Hundreds of meteorite chunks rained down from the sky on the remote Brazilian town of Santa Filomena on August 19. A 4.6 billion-year-old meteorite broke into more than 200 fragments with the biggest chunk weighing about 40kg and estimated to be worth over £20,000.

Town locals in the bean planting region of Brazil's Pernambuco state now regard the meteorite storm as a miraculous event calling it "the day when money fell from the sky." The meteorites are said to be of the rare chondrite type which can be traced back to the time before the Earth was born. Of all the meteorites that break through the Earth's atmosphere, only 1% are classified as chondrites.

Due to the rarity of the meteorite, these unearthly fragments can fetch up to tens of thousands of pounds. Those who were able to find even just one piece can easily make a good profit from it.

A 20-year-old local student, Edimar da Costa Rodrigues recalls how he saw the sky "fill up with smoke" and started to get text messages about rocks raining down from the sky. Rodrigues headed out to the street and came upon a meteorite located near the church by the town's square measuring 7cm-wide and weighing 164gms. He sold the space fragment to an American meteorite hunter for £1,000.

Rodrigues said: "The price is getting close to £5.50 per gram, and it's getting higher. Only a few days ago it was half that."

Just within hours of the meteor shower, meteorite hunters began to pour into the remote town coming from other parts of the country. Most were professional collectors from Uruguay and the United States, the Daily Mail reports.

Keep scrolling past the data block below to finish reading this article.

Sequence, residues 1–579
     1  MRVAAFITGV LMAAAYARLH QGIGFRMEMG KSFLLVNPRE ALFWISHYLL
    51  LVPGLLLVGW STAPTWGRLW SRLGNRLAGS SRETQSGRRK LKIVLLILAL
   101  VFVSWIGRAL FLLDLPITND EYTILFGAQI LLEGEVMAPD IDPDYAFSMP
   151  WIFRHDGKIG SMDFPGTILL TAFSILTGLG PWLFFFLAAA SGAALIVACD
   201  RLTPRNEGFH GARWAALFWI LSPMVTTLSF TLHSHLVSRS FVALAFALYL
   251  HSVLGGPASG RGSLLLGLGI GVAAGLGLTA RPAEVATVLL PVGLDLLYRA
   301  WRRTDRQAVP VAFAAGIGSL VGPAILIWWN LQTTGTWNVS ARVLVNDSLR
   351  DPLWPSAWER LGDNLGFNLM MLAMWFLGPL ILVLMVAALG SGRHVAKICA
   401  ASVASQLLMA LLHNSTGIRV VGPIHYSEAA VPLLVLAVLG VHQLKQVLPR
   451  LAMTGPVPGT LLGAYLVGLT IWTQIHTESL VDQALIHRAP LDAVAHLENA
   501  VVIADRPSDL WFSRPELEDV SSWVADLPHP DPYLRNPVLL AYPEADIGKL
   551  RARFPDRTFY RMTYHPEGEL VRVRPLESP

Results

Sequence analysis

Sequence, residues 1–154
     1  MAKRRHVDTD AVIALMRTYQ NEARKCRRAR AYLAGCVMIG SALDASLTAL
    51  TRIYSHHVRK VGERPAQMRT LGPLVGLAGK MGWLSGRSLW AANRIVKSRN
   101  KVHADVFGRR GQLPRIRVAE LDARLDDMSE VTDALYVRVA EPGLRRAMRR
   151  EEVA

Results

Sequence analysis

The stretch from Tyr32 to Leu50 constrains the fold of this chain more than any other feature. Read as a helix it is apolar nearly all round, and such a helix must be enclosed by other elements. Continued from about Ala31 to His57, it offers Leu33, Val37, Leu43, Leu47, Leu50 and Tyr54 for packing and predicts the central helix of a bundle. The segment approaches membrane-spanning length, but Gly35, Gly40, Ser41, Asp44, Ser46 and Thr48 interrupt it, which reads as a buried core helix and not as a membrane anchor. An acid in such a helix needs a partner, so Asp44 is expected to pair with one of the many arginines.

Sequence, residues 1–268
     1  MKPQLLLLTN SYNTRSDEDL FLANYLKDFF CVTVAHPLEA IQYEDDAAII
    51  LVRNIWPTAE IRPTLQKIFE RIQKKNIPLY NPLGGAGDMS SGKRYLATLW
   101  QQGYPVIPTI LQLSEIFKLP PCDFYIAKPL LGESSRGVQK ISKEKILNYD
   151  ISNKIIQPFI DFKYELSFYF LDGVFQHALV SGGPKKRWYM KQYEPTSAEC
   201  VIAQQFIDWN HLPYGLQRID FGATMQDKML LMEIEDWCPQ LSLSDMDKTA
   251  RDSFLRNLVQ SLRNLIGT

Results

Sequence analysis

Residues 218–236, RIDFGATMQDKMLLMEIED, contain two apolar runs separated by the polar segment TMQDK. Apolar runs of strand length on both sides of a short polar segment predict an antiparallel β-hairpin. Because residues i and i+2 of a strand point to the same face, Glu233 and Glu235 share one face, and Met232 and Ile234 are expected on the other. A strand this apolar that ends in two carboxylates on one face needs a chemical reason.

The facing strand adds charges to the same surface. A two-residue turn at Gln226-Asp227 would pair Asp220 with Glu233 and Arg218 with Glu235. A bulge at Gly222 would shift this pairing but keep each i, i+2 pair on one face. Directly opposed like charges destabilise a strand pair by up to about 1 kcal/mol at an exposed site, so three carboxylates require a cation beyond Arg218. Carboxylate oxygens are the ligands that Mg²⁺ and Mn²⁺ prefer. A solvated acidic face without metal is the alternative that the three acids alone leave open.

Scientists from Brazil's National Museum in Rio de Janeiro have also arrived at the town of Santa Filomena as they try to get a hold of one of the pieces that weighs 2.8kg. It is currently being negotiated at a hefty sum of £15,000. However, the four-man scientist team fear they may not be able to compete with the price offer of an American meteorite hunter.

With the town feeling blessed by the heavenly space rocks, many locals strongly oppose selling the meteorites to foreigners who will eventually ship and export the rocks out of Brazil's territory.
Antonio Miranda, an official from Pernambuco state federal university considers these rare rocks to be a "diamond of science" and rightfully belongs to the person who owns the land on which these precious rocks were found.

He adds that because many Brazilians cannot afford to buy the meteorites on their own, foreign moneyed investors and collectors buy them to be sold abroad for a much higher price. He urges that these should be placed in a museum in the town to be displayed as a tourist attraction and at the same time enable further scientific studies on them.

Meteorites contain a large variety of nucleobases, an essential building block of DNA. NASA